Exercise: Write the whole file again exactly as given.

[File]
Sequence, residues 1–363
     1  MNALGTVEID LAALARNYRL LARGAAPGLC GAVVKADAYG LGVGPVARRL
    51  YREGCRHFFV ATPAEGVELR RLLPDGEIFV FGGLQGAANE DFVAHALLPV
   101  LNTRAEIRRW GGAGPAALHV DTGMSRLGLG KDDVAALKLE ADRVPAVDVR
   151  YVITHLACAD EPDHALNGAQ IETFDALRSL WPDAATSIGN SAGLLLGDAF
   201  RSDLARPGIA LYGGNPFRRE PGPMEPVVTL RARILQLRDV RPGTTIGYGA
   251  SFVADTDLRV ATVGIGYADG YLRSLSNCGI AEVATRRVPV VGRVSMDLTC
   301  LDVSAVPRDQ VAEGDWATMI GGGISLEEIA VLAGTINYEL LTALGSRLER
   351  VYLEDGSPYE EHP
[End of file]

Sequence, residues 1–363
     1  MNALGTVEID LAALARNYRL LARGAAPGLC GAVVKADAYG LGVGPVARRL
    51  YREGCRHFFV ATPAEGVELR RLLPDGEIFV FGGLQGAANE DFVAHALLPV
   101  LNTRAEIRRW GGAGPAALHV DTGMSRLGLG KDDVAALKLE ADRVPAVDVR
   151  YVITHLACAD EPDHALNGAQ IETFDALRSL WPDAATSIGN SAGLLLGDAF
   201  RSDLARPGIA LYGGNPFRRE PGPMEPVVTL RARILQLRDV RPGTTIGYGA
   251  SFVADTDLRV ATVGIGYADG YLRSLSNCGI AEVATRRVPV VGRVSMDLTC
   301  LDVSAVPRDQ VAEGDWATMI GGGISLEEIA VLAGTINYEL LTALGSRLER
   351  VYLEDGSPYE EHP